LONDON: The Scottish National Party yesterday said its landslide victory in Edinburgh’s devolved parliament was grounds for a fresh independence referendum, despite opposition from London. While the SNP campaigned on promises to hold a new vote, the UK government-which would need to give formal legal permission-is opposed, raising fears of a protracted political and legal battle.
Now the nationalists say their slightly increased share of seats, one short of an overall majority of 65, gives them a mandate for “indyref2”, so called after the “no” vote in Scotland’s first independence vote in 2014. Scottish media stressed the SNP’s strong showing, with The Herald on Sunday headlining its front page simply with the word “Landslide”. But UK-wide newspapers had a different take, as The Sunday Telegraph declared “Sturgeon falls short of majority”. SNP leader Nicola Sturgeon said in her victory speech that Westminster now has “no democratic justification” to deny a second independence referendum.
“I hope to lead Scotland to independence,” she told the BBC yesterday. She said that it would be “absurd and completely outrageous” for the referendum to lead to a legal wrangle in the Supreme Court, as could happen if Westminster blocked it and the Scottish parliament passed its own legislation. Prime Minister Boris Johnson has said the 2014 referendum where 55 percent voted “no” should be a once in a generation event.
‘Wouldn’t play well’
Johnson said Saturday that the SNP’s aim of a second referendum was “irresponsible and reckless” while he wrote a public letter to Sturgeon asking her to “work together” in “Team UK.” Sturgeon told the BBC that she thought the UK government ultimately would not stand against the referendum because this would come across as disrespectful of Scots’ democratic rights.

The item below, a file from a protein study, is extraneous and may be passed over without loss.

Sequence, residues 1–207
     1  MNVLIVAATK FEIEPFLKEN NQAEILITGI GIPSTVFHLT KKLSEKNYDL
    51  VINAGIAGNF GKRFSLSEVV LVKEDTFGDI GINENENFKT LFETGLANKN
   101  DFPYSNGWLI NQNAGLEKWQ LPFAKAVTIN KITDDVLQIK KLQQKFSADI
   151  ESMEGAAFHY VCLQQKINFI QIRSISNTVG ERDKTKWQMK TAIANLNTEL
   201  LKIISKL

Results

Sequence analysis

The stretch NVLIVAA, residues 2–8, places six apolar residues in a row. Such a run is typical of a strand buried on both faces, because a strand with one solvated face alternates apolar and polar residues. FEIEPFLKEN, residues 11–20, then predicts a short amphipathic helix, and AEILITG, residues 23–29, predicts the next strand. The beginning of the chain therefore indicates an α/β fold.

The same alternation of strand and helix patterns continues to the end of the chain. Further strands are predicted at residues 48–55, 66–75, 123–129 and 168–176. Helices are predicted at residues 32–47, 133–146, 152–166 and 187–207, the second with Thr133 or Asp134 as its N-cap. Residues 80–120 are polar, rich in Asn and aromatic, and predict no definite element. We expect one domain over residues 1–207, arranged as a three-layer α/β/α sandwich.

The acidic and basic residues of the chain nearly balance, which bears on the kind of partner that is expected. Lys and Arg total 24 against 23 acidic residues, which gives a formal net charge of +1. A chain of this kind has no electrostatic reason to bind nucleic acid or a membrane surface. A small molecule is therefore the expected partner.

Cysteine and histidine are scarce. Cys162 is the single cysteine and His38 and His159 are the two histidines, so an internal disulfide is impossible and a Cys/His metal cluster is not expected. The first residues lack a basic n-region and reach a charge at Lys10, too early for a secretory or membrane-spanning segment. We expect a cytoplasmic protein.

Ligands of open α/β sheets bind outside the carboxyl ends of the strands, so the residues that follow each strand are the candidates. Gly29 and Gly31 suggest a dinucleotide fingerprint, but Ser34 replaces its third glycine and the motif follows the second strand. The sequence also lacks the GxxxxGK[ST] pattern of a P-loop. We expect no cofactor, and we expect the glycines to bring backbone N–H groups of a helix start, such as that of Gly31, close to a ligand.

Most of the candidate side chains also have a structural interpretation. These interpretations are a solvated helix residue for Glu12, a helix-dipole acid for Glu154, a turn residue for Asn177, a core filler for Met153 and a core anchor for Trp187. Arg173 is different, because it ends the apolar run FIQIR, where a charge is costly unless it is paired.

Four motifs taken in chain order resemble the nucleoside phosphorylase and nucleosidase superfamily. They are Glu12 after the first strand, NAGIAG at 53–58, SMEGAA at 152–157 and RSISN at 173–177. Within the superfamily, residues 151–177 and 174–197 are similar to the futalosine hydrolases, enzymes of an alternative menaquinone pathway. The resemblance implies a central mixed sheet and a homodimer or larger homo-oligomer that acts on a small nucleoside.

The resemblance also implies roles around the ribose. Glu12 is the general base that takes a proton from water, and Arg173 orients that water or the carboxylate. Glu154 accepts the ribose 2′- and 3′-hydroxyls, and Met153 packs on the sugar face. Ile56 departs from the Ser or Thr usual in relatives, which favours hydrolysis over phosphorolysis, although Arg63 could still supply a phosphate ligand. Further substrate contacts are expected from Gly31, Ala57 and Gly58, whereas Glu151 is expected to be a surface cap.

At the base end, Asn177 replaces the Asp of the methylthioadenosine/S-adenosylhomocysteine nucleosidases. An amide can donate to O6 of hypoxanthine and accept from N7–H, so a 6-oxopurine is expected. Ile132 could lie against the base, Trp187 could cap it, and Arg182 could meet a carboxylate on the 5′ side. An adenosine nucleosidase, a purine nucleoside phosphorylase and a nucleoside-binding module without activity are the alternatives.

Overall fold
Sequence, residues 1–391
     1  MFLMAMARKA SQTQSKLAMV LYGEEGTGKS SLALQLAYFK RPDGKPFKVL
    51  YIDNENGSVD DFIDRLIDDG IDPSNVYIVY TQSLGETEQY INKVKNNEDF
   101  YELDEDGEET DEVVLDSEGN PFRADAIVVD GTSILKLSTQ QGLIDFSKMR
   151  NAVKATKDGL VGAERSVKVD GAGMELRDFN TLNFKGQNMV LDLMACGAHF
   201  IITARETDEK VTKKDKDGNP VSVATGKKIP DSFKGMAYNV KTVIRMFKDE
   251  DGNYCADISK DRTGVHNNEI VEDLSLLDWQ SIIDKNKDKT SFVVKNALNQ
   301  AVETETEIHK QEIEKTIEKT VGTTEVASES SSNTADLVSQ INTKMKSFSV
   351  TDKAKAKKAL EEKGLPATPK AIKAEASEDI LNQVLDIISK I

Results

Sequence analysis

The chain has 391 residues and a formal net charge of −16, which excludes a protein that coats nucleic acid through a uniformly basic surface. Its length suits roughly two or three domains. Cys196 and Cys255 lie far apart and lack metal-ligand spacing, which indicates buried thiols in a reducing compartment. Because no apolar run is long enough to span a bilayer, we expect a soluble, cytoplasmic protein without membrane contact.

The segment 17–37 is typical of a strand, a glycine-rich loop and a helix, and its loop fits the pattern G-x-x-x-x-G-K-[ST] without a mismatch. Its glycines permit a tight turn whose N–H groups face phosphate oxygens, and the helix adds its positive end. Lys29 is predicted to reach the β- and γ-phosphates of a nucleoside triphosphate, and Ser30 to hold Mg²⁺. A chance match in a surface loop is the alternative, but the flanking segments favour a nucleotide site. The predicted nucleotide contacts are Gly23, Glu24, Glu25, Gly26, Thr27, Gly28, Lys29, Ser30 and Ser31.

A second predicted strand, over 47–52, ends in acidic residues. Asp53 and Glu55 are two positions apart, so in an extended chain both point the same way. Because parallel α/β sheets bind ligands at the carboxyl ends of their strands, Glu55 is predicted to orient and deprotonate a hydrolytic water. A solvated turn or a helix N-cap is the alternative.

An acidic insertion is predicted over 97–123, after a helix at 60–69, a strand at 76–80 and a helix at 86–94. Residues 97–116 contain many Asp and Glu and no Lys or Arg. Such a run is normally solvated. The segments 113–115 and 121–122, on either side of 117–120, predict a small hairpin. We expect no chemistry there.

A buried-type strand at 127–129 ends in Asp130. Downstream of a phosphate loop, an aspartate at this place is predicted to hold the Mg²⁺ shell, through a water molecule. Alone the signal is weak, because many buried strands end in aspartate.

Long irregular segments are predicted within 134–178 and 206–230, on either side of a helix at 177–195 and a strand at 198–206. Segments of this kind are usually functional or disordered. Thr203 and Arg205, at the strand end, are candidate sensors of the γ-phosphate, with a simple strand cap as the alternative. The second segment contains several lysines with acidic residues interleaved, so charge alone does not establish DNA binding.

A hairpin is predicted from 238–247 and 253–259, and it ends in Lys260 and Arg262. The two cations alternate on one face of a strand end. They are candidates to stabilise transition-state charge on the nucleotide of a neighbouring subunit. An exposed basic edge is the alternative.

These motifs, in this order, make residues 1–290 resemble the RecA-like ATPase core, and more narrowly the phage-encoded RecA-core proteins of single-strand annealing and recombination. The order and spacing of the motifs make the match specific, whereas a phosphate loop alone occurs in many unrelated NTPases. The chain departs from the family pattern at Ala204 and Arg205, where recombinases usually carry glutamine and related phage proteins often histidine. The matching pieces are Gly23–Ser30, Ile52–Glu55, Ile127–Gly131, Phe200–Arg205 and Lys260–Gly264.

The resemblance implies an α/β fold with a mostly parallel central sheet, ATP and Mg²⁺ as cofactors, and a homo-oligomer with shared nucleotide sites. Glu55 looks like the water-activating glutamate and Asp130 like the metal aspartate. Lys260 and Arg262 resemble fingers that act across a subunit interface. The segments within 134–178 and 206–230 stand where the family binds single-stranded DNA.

“It would mean that the Conservative government had refused to respect the democratic wishes of the Scottish people,” she said. “I think it is an understatement to say that that wouldn’t play well.” Yesterday, senior UK minister Michael Gove sought to downplay the brewing conflict.
He insisted in comments to the BBC that for all UK leaders including Sturgeon the priority is recovery from the coronavirus pandemic and claimed the country did not have time now for a “protracted conversation about the Constitution”. Gove also argued that the fact that the SNP do not have an outright majority in the devolved parliament-as they did before the first referendum in 2014 — made a “significant difference”.
Meanwhile, Britain’s main opposition Labour Party was split over future strategy and embroiled in political infighting on Sunday after suffering huge losses in local polls. Keir Starmer, Labour’s leader since 2020, sacked the chair of the party Angela Rayner on Saturday evening after saying he was “bitterly disappointed” by the results. Starmer was reportedly set to launch a reshuffle of his shadow cabinet, while speculation mounted over his own future as leader.
The Times wrote that Starmer’s reshuffle “could begin as early as Monday”. Supporters of previous leader Jeremy Corbyn led criticism of Starmer, with Corbyn’s close ally, Labour MP Diane Abbott, telling Sky News it was “in many ways a disappointing result”. “I think sacking Angela Rayner was not a forward-thinking thing to do,” she added.
John McDonnell, former Shadow Chancellor under Corbyn, in a BBC interview accused Starmer of failing to create attractive policies. “You can’t send candidates into the field like that naked, without any policy,” he said. Under hard-left Corbyn, Labour was damaged by accusations of anti-semitism and had a disastrous general election showing in 2019.
Starmer, formerly a human rights lawyer and public director of prosecutions, was elected leader in April 2020, promising to “re-connect” with voters. “On last week’s showing, he has spectacularly failed”, The Times said. However Ian Stewart, Shadow Secretary for Scotland, told Sky News that Starmer “needs time” to turn the situation around.
“We’ve got to have a positive policy platform and that’s what Keir Starmer is determined to do,” he said. Labour performed poorly in Thursday’s council elections in England and lost to the Tories in a key by-election in Hartlepool in northeastern England, a Labour heartland since the 1970s. In Scotland, Labour dropped two seats in the devolved parliament under new leader Anas Sarwar, who took over in February. It counted successes in Wales, holding onto power in the devolved parliament and in several mayoral races including London, where Sadiq Khan won a second term.
Andy Burnham, who easily won re-election as a popular mayor of Greater Manchester in northern England appeared to issue a veiled challenge to Starmer’s leadership, telling Sky News: “If the party were ever to feel they needed me, I’m here”. The results in England appeared to be a vote of confidence in Johnson’s leadership post-Brexit and the UK’s successful vaccine rollout, despite the country’s death toll remaining the highest in Europe. – AFP